Anyway, it would suck for somebody to buy a new video camera only to realize the media is sort of incompatible with any Apple laptop, iMac or Mac Mini. I'm sure plenty of people still try to load the discs anyway, and as i understand it is a crapshoot if it will work.

As the above said, i would prefer to use something like a P2 card, or compact flash.... but i can easily use 6+ gigs on a day of filming, and that's not reality TV. That world would possibly be using tons more space when using 6 isolated tracks of audio at better than DAT quality. You isolate the audio in case, for example, one wireless mic goes to hell. That keeps the rest of them usable.

Just to put things in perspective... if i record 6 (isolated) tracks of audio at 48kHz/24-BIT, i only get 24 minutes on one side of a mini DVD-RAM disc (1.4 gigs). the discs are double sided, but the drive does not flip itself. It's not a huge market so the drive is proprietary. It's an oddball drive, but it will not fail if you are running behind a camera while chasing the action and rolling the whole time.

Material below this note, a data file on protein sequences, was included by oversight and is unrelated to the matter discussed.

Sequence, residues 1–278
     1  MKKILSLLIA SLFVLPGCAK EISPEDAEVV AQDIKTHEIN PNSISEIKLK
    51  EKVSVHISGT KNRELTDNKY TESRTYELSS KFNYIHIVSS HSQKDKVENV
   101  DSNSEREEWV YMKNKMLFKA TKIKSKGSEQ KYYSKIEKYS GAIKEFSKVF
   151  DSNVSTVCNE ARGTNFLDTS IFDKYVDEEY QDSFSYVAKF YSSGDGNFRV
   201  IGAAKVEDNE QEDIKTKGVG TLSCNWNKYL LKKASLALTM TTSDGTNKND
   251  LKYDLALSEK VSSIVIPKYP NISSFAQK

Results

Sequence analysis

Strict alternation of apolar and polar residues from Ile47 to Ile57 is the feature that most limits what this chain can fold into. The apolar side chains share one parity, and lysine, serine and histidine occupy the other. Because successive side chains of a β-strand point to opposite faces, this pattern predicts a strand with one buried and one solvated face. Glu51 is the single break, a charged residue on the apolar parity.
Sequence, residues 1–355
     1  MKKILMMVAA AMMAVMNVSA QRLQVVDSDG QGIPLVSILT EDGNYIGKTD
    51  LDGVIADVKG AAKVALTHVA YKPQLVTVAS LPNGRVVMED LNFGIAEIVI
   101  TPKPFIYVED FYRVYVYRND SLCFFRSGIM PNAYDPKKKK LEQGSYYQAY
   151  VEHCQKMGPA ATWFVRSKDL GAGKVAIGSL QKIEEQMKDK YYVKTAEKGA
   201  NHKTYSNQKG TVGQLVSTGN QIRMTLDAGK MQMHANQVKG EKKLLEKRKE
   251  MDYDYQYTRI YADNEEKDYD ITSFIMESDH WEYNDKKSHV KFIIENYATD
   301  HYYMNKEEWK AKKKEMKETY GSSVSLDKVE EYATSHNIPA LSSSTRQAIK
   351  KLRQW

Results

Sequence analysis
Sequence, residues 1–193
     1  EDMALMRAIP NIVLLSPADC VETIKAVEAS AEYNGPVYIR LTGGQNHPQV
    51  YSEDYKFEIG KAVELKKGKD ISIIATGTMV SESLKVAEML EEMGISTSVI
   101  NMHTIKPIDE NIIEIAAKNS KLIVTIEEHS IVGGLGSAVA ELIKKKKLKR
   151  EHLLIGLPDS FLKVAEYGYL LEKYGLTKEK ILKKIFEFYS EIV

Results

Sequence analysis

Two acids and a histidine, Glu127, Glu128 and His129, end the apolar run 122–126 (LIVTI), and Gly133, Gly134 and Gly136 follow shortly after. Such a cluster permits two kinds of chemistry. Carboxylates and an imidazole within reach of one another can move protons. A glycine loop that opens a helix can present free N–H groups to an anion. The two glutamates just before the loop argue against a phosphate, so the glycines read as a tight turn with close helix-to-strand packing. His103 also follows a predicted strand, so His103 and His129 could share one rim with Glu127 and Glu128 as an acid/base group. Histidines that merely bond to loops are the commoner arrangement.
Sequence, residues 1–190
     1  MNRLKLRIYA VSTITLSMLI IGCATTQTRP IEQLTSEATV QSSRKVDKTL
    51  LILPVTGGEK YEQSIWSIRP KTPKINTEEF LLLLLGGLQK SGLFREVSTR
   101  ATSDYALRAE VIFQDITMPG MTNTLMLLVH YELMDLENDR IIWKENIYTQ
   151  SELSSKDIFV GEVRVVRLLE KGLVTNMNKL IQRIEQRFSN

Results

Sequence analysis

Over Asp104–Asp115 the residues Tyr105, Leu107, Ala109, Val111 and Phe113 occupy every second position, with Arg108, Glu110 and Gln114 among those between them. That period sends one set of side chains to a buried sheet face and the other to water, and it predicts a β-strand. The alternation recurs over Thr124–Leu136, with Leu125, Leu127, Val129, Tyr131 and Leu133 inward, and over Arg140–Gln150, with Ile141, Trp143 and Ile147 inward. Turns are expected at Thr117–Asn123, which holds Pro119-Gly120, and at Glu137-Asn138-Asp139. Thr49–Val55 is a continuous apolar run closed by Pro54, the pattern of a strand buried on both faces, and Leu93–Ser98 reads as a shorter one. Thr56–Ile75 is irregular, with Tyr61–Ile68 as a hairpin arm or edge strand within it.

GoodWatch
Nov 29, 2007, 06:09 PM
we don't need cd drives anymore.

harddrives and space are cheap; the internet is fairly fast; music, software, etc can all be purchased/downloaded online.

OS needs a re-install. OS is thus dead. OS is needed to be able to connect to (the) Internet. Without OS, no Internet. OS needs CD (DVD) drive. Single point of failure. End of lame message.

takao
Nov 29, 2007, 06:20 PM
OS needs a re-install. OS is thus dead. OS is needed to be able to connect to (the) Internet. Without OS, no Internet. OS needs CD (DVD) drive. Single point of failure. End of lame message.

supply computer with small onboard ROM. Size: 2 perhaps 4 MB. Fill with code for network installation. End of smart message.

chubad
Nov 29, 2007, 06:23 PM
This is stupid. We get to be inconvenienced by having to assemble a rinky dink adaptor to install software so Apple can save a few cents on packaging?! Gimme a break. I can see the class action lawsuits for these grenading in a drive.